Do you use your own children or any others as a ‘sounding board’ for your books?
For the Mousehunter, there were a number of children that looked at it, although these were easily outnumbered by the big children (friends and in-laws) who were keen to read the story. Young readers’ thoughts on stories are priceless.
THE MOUSEHUNTER is book one of a series. How many do you intend to write? Did you have further ideas in mind before achieving the book deal or did you have to think about the sequels from scratch?
I always planned the Mousehunter series as a trilogy. I’m not a big fan of stories that run and run with no satisfying conclusion for six books. I like to know there’s an end in sight.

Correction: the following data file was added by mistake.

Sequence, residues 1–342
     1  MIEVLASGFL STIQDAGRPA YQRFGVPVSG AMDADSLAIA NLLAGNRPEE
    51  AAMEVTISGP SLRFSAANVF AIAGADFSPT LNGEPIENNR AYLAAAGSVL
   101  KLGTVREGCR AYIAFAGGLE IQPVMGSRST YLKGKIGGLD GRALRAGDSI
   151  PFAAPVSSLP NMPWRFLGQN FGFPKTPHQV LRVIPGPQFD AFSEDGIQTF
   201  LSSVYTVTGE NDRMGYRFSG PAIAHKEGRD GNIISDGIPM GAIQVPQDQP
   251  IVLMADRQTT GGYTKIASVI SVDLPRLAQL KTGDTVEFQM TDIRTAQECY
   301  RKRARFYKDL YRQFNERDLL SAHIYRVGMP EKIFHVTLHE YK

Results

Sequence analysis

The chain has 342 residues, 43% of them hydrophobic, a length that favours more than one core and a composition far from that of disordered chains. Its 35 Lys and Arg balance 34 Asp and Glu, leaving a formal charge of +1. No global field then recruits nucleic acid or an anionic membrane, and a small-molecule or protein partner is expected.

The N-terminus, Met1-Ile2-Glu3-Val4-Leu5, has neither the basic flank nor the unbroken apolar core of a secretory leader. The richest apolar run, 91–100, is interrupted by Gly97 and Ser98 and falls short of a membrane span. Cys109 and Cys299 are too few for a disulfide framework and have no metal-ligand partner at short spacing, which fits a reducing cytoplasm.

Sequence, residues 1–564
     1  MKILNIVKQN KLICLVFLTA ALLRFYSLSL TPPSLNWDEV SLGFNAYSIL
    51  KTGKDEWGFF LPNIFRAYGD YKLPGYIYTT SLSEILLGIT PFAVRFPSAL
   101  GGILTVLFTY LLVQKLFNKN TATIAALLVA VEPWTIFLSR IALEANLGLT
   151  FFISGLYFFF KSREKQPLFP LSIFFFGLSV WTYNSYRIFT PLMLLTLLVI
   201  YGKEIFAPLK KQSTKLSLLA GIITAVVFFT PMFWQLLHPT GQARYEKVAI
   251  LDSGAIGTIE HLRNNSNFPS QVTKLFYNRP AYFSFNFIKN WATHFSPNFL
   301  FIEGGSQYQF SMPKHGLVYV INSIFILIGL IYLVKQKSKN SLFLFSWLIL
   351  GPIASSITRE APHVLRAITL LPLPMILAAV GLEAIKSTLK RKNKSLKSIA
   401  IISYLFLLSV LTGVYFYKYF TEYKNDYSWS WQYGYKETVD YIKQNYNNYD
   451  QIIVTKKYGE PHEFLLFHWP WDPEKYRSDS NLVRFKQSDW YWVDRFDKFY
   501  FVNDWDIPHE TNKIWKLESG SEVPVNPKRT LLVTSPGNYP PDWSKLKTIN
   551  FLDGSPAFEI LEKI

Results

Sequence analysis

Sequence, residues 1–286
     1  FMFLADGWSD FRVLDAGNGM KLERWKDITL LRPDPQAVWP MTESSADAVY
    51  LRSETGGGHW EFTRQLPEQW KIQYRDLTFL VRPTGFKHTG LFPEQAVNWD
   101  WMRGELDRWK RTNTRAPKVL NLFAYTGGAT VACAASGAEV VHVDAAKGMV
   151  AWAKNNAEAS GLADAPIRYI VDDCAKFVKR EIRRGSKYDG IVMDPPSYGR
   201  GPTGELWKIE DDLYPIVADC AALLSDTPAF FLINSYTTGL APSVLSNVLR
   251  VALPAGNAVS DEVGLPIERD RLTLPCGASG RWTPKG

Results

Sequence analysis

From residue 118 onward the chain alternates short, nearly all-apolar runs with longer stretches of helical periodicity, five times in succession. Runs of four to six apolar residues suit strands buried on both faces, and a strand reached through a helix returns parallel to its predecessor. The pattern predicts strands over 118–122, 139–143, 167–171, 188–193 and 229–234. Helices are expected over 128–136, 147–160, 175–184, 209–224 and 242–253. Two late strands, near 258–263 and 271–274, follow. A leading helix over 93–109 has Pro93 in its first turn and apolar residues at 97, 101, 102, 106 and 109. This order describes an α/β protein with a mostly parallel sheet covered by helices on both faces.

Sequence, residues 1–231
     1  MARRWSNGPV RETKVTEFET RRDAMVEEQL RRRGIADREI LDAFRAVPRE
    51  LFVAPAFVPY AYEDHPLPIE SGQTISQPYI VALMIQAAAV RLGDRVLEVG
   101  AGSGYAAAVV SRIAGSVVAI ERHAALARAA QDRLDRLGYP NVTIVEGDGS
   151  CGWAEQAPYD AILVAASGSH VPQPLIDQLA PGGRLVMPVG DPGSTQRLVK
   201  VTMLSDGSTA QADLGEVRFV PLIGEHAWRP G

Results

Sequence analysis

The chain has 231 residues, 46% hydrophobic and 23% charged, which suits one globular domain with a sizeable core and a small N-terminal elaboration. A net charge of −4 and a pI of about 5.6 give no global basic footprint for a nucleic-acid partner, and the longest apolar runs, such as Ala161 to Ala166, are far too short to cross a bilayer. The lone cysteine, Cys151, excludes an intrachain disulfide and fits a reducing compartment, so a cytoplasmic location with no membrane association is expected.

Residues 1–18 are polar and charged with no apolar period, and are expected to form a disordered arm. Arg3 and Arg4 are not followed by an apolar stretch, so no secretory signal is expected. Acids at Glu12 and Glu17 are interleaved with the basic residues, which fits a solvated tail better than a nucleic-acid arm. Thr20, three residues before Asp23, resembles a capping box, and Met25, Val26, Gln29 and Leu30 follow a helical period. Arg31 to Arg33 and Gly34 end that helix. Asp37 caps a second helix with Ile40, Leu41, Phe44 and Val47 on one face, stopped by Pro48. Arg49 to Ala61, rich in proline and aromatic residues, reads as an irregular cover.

I had the first two stories planned from the beginning, but the final part was left a little more open, with just the climax plotted and set in stone. Plot always morphs and mutates as you write, but I do like a good summary to work from. I find it’s the only way to work to deadlines, actually. If time is short, a good plan allows you to know exactly where you are at all times.
Rewrites and Revisions: How much did you have to do throughout the writing of THE MOUSEHUNTER?
The biggest part of The Mousehunter rewrite was actually adding more content. I’d written and edited it down in a really formal way, so it was 180 pages long, with eighteen chapters, each of ten pages. That was how I plotted it, and how I executed it. I was asked for more detail, so it grew quite a lot bigger by the end.